So while I certainly understand the skepticism about this stem cell stuff, I also have some personal anecdotal experience that seems to contradict the science of the studies of other treatments.

 

So, when I see new ideas like this, I'm interested in following the concept.

post #5 of 9

Yeah, nothing is without risk, and nothing is foolproof. It might be expensive (not much more than my semi-failed toe arthroplasty, though), but it's not very invasive, and I've heard enough good stories from people around here to consider it for myself (once they will do the C procedure again, though -- and this liposuction version sounds great! two birds one stone!)

 

Email excerpts from my friend who did this (keep in mind she was mid- to late-60s when it was done, as well.)  She was going to start skiing again last year, but decided to have the TKR on her other knee instead (since the C procedure for the Regenexx that she had wasn't avbl anymore).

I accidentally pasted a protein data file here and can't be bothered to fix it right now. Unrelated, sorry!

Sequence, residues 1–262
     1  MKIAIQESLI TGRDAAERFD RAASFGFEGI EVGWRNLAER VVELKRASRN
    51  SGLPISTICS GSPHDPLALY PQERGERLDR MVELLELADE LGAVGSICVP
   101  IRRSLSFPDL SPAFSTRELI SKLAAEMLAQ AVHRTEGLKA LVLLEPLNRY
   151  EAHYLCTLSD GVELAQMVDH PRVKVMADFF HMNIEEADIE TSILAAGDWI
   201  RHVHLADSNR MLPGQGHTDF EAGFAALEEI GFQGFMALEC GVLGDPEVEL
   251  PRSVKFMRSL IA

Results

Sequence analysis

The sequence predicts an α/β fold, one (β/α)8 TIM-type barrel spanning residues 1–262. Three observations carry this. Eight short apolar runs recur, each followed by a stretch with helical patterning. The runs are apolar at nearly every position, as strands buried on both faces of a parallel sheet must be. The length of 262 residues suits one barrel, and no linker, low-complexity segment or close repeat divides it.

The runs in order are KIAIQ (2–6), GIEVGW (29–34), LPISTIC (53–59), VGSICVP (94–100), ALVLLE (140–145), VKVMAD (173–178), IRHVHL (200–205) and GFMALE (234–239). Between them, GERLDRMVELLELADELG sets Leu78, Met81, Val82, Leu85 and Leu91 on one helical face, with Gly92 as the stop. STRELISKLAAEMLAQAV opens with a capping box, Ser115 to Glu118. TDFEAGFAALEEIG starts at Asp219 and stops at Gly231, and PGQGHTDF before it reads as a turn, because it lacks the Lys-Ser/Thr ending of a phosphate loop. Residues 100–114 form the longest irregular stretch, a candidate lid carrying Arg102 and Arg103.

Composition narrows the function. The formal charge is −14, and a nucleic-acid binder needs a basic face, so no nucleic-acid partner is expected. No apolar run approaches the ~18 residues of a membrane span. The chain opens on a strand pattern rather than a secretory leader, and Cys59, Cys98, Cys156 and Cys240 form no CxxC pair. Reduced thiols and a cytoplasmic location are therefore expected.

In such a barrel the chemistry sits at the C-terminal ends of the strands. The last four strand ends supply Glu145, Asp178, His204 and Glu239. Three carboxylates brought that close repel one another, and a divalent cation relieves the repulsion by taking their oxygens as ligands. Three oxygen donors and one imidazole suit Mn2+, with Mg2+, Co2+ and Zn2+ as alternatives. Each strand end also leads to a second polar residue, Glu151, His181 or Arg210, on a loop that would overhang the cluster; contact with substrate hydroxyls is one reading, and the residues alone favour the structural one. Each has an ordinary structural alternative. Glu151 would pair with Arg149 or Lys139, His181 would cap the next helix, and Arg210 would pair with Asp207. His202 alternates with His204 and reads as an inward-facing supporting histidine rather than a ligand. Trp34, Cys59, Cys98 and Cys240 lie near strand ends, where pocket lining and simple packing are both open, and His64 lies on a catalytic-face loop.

3 months post treatment:

 

I secretly hope for a complete recovery, but that's unrealistic.  Right know I'd say I'm at hummmmm......it's been so long since I've had a healthy knee that it's had for me to judge.......am I at 50% or 70% or even more????  I now go up and down stairs with ease...I squat with ease.... especially on the toilet  -gross, right....let me tell you what a pleasure it is  to "squat down" whithout holding on to a wall, a counter or the toilet seat.  It's the little things in life - right??  Like stretching out full bore in the morning and popping - no -JUMPING out of bed with no pain....whatsoever.......not even a twinge.  I still get twinges and some "popping" when I work out on the eliptical or the bike, but, again, nothing serious.